JERUSALEM (JTA) — A U.S. appeals court challenged a judge who slashed the compensation claimed by the family of a Jewish teenager slain by terrorists and said the family took a risk by living in the West Bank.
The appeals court ordered her to reconsider her decision.
Judge Rosemary Collyer of the Washington, D.C., District Court had accepted a lawsuit filed against Iran and Syria by the family of Naftali Fraenkel, who was one of three teens kidnapped in June 2014 from a bus stop in the Etzion bloc of the West Bank. Their murdered bodies were found nearly three weeks later buried near Hebron.
On Tuesday, Yediot Acharonot cited quotes from the judge’s original verdict in 2017, which the Israeli newspaper said it recently obtained.
The judge said that the Fraenkels’ claim of $340 million in damages was inappropriate and lowered it to $4.1 million.
“The plaintiffs took on themselves the risks of living beyond Israel’s Green Line and sending Naftali Fraenkel another 40 km into the West Bank to a high school in Gush Etzion, six km from the city of Hebron,” Collyer wrote.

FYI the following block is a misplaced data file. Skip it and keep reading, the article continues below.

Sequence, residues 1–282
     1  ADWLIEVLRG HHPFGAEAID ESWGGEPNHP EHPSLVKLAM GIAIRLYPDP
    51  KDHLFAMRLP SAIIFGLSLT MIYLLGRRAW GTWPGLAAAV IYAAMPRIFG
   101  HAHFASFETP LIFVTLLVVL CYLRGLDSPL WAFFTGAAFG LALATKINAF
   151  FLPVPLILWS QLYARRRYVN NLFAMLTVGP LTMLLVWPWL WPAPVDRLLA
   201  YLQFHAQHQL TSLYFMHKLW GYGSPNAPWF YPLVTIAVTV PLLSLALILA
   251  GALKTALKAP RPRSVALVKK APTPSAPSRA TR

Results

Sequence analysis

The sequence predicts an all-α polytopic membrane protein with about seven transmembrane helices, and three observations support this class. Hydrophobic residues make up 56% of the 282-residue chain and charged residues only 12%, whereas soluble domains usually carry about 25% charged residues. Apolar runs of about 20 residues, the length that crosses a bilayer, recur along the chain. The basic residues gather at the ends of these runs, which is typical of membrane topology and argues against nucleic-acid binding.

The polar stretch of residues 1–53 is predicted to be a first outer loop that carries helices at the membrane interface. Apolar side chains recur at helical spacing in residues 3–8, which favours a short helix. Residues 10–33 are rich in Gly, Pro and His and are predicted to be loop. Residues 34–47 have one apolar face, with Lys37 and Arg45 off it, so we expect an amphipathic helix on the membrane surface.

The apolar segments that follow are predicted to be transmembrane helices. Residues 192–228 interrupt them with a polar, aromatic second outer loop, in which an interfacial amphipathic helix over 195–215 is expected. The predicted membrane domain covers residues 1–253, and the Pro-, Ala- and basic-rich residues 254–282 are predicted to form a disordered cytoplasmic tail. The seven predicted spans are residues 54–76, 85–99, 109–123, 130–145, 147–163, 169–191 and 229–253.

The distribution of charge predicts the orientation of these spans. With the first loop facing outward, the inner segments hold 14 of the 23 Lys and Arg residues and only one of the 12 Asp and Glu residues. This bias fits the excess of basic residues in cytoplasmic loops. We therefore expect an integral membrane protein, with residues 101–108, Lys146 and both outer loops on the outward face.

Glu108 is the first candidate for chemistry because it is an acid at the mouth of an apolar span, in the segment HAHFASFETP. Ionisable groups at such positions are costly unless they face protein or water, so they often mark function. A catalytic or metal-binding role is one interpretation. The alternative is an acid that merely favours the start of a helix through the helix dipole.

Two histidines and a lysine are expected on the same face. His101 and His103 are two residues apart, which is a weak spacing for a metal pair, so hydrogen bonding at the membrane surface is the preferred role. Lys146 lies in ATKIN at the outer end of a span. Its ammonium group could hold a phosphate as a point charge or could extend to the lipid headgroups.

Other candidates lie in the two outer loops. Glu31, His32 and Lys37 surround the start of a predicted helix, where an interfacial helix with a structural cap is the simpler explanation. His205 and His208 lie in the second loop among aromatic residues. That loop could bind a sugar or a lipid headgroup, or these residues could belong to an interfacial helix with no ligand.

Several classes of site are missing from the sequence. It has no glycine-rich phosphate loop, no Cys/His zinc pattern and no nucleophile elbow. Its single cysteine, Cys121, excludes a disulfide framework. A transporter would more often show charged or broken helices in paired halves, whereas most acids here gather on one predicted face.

She also defended her decision to reduce the potential award by saying that Fraenkel was not murdered because he was an American citizen but because he was Jewish and Israeli. Fraenkel’s mother, Racheli, is an American citizen and he held dual Israeli and American citizenship.
“These facts do not diminish the plaintiffs’ grief or loss, but they can influence the assistance available to them when viewed through the lens of civil tort liability,” the judge wrote.
The family does not live beyond the Green Line, Israel’s 1967 borders, but right next to it in the community of Nof Ayalon near the Israeli city of Modiin.
Racheli Frankel told the Israeli newspaper that the judge’s original ruling is “outrageous.”
“The children were on their way from school. What responsibility did the boys have for their deaths?” she asked Yediot.
The family fought Collyer’s decision in the appeals court, which last month ordered the case to be sent back to the judge with instructions that the judge not blame the victim or where he lived and to increase the amount of compensation that can be requested.
Collyer is expected to make her new ruling soon.